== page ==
In advancing this order, and in carrying out clause 8 of order No. DK-P9-4635 dated 5 June 2019, the Company sent the Russian Ministry of Energy proposals for passing shippers' custody transfer points (CTPs) – through which oil is delivered to the Transneft System – under Transneft's operational control.

At the same time, in determining specific methods for establishing operational control over CTPs, work is in progress to determine the necessary control functions of Transneft. 

Transneft’s proposals are not aimed at imposing any kind of services or interfering in the business activities of the Company's counterparties.

Currently, the admission of Transneft System organizations' specialists to third-party shippers' CTPs is limited to facilities directly involved in commodity-commercial operations (LACT, their auxiliary facilities, connection points for oil production facilities and information technology systems for monitoring, management and registration of indicators of the process of oil delivery at CTPs).

At the same time, many third-party shippers' CTPs have a system of loading racks with tanks designed to receive oil not only from field pipelines, but also from tank trucks and other types of transportation. These operations are not controlled by Transneft System's staff due to the remoteness of the facilities from the main CTP facilities, as well as the lack of requirements for their mandatory control during the CTP's operation, which allows unscrupulous shippers to introduce not only marketable oil, but also heavy processing residues, as well as other chemical products and reagents. The activities of such CTPs are completely opaque and create the basis for various kinds of operations of a criminal nature.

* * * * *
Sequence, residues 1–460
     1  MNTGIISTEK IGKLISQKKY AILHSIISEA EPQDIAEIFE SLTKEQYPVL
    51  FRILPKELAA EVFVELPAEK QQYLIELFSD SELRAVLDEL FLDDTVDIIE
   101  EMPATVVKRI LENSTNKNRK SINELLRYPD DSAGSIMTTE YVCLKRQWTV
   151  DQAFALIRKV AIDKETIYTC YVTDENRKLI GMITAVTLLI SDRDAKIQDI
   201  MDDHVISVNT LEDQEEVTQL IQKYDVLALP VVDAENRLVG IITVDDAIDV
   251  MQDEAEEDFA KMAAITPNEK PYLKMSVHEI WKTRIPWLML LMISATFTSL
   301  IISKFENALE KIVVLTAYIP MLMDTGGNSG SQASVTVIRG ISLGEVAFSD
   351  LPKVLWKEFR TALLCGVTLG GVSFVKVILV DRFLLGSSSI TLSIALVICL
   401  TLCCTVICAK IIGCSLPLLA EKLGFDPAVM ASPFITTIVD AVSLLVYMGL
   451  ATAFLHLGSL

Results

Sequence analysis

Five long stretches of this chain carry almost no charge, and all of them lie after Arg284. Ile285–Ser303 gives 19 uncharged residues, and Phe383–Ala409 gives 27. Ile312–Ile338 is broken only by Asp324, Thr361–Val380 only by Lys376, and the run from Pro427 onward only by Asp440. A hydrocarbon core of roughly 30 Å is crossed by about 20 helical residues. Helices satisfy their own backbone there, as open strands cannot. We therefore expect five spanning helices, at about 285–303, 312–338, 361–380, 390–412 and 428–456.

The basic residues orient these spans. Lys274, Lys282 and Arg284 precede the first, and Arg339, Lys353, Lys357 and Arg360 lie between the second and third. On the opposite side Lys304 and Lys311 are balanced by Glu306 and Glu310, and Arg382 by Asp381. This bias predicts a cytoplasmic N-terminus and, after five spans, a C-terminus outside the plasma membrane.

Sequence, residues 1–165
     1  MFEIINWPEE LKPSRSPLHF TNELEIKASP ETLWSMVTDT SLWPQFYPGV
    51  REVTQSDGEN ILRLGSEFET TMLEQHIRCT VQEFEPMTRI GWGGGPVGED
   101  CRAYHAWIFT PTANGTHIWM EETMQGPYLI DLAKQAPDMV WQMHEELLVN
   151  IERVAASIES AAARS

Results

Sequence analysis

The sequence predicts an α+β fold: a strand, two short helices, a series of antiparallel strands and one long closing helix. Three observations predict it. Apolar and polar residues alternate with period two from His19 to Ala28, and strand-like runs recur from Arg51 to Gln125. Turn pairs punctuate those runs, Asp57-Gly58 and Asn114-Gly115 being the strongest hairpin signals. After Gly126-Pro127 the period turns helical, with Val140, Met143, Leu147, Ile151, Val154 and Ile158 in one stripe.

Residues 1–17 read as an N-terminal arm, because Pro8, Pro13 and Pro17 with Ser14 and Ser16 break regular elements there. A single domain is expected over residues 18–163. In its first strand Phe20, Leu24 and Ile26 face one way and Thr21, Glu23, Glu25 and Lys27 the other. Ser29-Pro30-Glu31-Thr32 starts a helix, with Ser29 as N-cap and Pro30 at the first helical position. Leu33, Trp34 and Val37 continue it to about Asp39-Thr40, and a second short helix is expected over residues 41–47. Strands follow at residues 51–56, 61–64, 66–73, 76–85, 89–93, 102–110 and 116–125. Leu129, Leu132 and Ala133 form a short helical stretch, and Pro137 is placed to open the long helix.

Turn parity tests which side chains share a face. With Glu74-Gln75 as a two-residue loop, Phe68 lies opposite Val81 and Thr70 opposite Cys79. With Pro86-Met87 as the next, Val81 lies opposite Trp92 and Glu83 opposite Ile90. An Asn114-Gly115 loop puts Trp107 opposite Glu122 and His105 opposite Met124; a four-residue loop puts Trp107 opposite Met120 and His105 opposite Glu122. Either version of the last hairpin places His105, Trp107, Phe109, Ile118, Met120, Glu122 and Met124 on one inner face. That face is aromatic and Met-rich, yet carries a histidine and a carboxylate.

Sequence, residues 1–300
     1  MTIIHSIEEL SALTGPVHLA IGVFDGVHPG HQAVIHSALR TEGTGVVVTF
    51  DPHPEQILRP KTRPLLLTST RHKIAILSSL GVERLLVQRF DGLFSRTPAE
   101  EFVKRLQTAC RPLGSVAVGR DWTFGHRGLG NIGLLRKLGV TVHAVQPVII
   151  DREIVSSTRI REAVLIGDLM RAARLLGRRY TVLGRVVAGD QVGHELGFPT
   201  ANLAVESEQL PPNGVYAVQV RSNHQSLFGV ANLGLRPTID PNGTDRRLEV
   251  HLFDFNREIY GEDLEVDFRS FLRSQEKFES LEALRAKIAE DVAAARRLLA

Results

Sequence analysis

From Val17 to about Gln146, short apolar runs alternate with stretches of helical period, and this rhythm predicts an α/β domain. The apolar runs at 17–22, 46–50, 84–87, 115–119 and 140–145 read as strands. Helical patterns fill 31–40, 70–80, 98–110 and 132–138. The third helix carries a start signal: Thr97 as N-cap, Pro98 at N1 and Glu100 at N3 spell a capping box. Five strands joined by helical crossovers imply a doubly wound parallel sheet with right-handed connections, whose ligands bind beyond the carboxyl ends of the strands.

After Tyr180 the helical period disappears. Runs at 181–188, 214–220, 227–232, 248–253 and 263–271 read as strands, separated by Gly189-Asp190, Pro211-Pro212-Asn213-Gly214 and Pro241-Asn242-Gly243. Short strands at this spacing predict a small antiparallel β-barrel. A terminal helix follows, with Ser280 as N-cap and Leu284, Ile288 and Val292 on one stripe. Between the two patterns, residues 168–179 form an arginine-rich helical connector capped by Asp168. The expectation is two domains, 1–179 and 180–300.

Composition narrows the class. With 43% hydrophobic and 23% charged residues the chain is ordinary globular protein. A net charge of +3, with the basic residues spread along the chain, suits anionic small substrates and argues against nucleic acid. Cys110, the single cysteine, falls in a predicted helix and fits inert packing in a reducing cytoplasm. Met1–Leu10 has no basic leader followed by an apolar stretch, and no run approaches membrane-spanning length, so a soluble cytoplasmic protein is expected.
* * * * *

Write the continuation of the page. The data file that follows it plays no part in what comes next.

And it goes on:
The proposal to establish Transneft’s operational control over shippers' CTPs is aimed at ending this negative practice and increasing the very transparency of the quality control system for oil entering the oil trunk pipeline.

In addition, it should be noted that along with the proposal to introduce an operational control procedure, Transneft proposed introducing at the regulatory level the principle of mandatory accreditation of testing laboratories participating in the quality control of oil delivered to the trunk pipeline transport system – whether owned by Transneft System organizations or third-party shippers.